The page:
In three words I can sum up everything I’ve learned about life: it goes on.
~ Robert Frost
As hard as it is to accept or even understand, Frost’s words are true. Life does go on. The sun rises, and a new day begins. And we are a part of it.
When we are in times of deep grief, it's almost impossible for us to get our heads and our hearts around life's moving on. And yet it happens. The hands on the clock continue to go ‘round, and one hour passes into another and into the next.
Part of the work of grief is to figure out what our place is as we enter what's next. Part of this grief work is to figure out where we are in the here and now. Meals need to be prepared, meetings need to be attended, the work needs to be done. This is here. This is now.
We are given no road map for this journey with grief. No one else’s instructions or directions can lead us from here to there. We are still here on this earth, in this season. Feeling what we are feeling. Holding on and letting go. The truth is: life is going on.
What brings me comfort and strength in this season is that those who I love, and miss are just a story away.
One late spring day years ago, I was sitting on a dock in north Georgia with my friend, GayBaby (her name always seemed to be one word). It was a perfect spring day. Warm with the sun shining down on us and a nice breeze was blowing, and time was our friend. We were sitting beside a lake and we were watching a turtle make her way along the shoreline just a bit away. GayBaby began telling me that turtles can carry time on their backs. [Editor’s note: Many of our conversations were just like this. She would say something that used English words, but sometimes made no real sense to me. Like this time at the lake…] How is, I asked her, that turtles can carry time? “Look at that old turtle’s back. See what’s painted on it? She’s carrying time – lunar months are all held, right there on her back. All of the world is there with her.” And then my friend looked at me and smiled and said, “and now because we see that in the turtle, in some wonderful way we are carrying time with us.”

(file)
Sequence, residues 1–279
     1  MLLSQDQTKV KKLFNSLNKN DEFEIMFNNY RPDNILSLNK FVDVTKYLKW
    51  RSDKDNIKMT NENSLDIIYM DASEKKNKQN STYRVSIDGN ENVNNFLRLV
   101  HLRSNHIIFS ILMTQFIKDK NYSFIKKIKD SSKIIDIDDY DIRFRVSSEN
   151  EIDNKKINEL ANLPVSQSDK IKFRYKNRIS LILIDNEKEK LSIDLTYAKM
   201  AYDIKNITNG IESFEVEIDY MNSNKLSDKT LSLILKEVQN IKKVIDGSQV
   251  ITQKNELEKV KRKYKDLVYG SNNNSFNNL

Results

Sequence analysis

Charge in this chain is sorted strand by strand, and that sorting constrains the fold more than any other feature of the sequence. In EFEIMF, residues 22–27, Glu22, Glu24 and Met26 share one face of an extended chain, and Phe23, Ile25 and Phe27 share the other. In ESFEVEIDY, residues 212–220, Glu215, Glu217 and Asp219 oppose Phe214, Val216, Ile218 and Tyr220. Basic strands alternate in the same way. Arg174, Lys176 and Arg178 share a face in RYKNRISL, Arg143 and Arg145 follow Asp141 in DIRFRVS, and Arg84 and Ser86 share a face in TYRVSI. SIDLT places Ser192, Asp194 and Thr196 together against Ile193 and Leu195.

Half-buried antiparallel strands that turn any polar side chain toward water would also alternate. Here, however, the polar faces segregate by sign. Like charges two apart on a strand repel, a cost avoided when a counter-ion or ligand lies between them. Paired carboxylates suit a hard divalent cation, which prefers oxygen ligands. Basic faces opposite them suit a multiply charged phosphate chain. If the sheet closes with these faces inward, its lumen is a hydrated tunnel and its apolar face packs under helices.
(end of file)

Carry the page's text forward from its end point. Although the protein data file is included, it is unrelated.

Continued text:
Just like that old turtle making her way around the lake on that warm spring day, life goes on. My friend Gaybaby has been gone several years now, but she’s never far away. She’s right here in the telling of this story. And you can bet, she would tell it to you much, much better.
Working in Family Experience at Children's Healthcare of Atlanta, Lesley is an ordained minister in the United Church of Christ. She and her partner, Linda Ellis are raising their two sons, Brogan (now a freshman at Guilford College) and Sam at sophomore at DHS in Decatur, GA.